Let Us Help You Make Your Online Banking With HSBC More Secure- Phishing

Phishing Scam

An email saying Let us help you make your online banking with HSBC more secure is one of today’s phishing attempts

There are a few major common subjects in a phishing attempt. The majority are either PayPal or your Bank or Credit Card, with a message saying some thing like :

  • There have been unauthorised or suspicious attempts to log in to your account, please verify
  • Your account has exceeded its limit and needs to be verified
  • Your account will be suspended !
  • You have received a secure message from < your bank>
  • We are unable to verify your account information
  • Update Personal Information
  • Urgent Account Review Notification
  • We recently noticed one or more attempts to log in to your PayPal account  from a foreign IP address
  • Confirmation of Order

The original email looks like this. It will NEVER be a genuine email from  PayPal or Your Bank so don’t ever fill in the html ( webpage) form that comes attached to the email. Some versions of this phish will have a link to a website that looks at first glance like the genuine bank website. That is also false.


Important news about Telephone Banking.
Customer Services: 03457 404 404*3
Dear Valued Customer,
We got in touch recently to let you know that our Online Banking is evolving. So we’re pleased to
announce that our latest Online and Telephone Banking improvements are ready for you to start
enjoying , We urge you to visit our website to switch to our One Time Password (OTP) for your
Telephone banking. you will be asked to verify your security details so you can start using unique
passowrd for each time you use our Telephone Banking services.
The OTP can be genereated using either the NEW digital Secure key or your physical Secure key.
Security without the physical Secure Key
Easy, convenient access wherever you are
One Time Password (OTP) for HSBC Telephone Banking
Switch now >


If you have any questions, or want to know more, please take a look at our FAQs.
Yours sincerelyRaman Bhatia

Head of Digital Banking

  Your security is our priority
In our emails, HSBC will never ask you to reply with confidential information or to confirm your security details. Please forward any suspicious emails to phishing@hsbc.comFor further information please visit our Security Centre.
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This email is confidential. It may also be legally privileged. If you are not the addressee you may not copy, forward, disclose or use any part of it. If you have received this message in error, please delete it and all copies from your system and notify the sender immediately by return email. Internet communications cannot be guaranteed to be timely, secure, error or virus free. The sender does not accept liability for any errors or omissions. Please do not reply to this email. Should you wish to get in touch, please visit Contact us.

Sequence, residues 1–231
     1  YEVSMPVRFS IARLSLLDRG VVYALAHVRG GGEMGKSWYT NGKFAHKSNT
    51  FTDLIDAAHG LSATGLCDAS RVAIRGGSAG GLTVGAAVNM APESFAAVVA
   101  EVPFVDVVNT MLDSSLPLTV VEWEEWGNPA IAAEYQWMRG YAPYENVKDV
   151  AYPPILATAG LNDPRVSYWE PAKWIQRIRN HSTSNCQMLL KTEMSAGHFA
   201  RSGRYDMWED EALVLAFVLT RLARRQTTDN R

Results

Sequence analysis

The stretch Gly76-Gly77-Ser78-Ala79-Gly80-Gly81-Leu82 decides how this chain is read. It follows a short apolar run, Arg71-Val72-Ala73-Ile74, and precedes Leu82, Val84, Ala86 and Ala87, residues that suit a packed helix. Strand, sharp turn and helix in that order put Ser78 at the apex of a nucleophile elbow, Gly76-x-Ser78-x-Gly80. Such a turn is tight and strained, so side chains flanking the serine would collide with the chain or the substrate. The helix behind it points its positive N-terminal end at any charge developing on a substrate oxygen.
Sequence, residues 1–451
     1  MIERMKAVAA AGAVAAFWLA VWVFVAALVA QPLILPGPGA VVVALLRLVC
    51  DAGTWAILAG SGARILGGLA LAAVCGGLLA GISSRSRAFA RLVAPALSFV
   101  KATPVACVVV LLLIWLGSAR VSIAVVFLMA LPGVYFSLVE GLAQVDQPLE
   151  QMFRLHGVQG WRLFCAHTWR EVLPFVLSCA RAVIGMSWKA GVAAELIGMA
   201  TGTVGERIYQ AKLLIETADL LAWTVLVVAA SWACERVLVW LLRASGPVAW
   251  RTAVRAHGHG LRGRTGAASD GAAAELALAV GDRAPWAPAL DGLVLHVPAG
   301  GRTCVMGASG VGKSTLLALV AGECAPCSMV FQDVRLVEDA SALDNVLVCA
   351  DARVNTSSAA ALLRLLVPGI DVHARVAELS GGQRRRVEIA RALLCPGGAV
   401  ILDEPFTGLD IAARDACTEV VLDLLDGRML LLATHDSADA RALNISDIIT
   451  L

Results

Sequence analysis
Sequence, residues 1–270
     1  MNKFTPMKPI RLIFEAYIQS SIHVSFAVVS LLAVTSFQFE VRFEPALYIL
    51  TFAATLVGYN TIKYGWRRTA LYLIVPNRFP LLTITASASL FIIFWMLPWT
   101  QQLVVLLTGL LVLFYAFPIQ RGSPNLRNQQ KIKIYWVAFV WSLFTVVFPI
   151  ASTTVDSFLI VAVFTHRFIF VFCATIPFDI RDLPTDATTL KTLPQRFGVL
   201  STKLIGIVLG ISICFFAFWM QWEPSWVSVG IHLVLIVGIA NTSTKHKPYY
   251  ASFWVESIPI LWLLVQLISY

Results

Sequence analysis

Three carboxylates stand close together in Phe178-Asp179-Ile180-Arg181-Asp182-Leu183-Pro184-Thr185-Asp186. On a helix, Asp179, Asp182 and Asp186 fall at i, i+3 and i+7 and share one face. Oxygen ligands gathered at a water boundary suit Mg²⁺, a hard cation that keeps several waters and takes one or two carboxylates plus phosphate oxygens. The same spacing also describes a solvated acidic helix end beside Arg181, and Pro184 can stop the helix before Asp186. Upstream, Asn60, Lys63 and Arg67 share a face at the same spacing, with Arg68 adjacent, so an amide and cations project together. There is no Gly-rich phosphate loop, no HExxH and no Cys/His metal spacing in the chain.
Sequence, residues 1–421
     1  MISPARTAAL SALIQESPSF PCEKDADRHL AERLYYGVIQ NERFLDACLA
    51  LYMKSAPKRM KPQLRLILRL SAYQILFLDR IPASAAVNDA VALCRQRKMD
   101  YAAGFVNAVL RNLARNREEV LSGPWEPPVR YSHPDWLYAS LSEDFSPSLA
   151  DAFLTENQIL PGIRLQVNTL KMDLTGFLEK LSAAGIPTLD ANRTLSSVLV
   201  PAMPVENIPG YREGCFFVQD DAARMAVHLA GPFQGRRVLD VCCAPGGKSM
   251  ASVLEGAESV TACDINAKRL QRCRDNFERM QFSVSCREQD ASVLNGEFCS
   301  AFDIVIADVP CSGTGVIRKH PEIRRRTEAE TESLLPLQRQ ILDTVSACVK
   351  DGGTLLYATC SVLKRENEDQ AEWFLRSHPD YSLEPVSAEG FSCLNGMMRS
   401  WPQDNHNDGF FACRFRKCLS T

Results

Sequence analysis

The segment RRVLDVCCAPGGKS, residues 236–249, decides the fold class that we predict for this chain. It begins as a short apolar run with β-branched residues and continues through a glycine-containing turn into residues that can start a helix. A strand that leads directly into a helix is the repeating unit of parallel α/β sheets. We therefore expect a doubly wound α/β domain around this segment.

The link in the email directs you to a fake site, if you look at the fake website, you would be very hard-pressed to tell the difference from the fake one and the genuine site. The only way is look at the address bar and in the Genuine bank site , when using Internet Explorer the entire address bar is in green. ( in Chrome or Firefox, only the padlock symbol on the left of the browser is green)

luckily the phishing site has been deactivated by the webhosts, but be careful and remember that banks don’t send emails saying follow the link to change anything

Please read our How to protect yourselves page for simple, sensible advice on how to avoid being infected by this sort of socially engineered malware.

All of these emails use Social engineering tricks to persuade you to open the attachments that come with the email or click the link in the email . Whether it is a message saying “look at this picture of me I took last night” and it appears to come from a friend or is more targeted at somebody who regularly is likely to receive PDF attachments or Word .doc attachments or any other common file that you use every day. Or whether it is a straight forward attempt, like this one, to steal your personal, bank, credit card or email and social networking log in details. Be very careful when unzipping them and make sure you have “show known file extensions enabled“, And then look carefully at the unzipped file. If it says .EXE then it is a problem and should not be run or opened.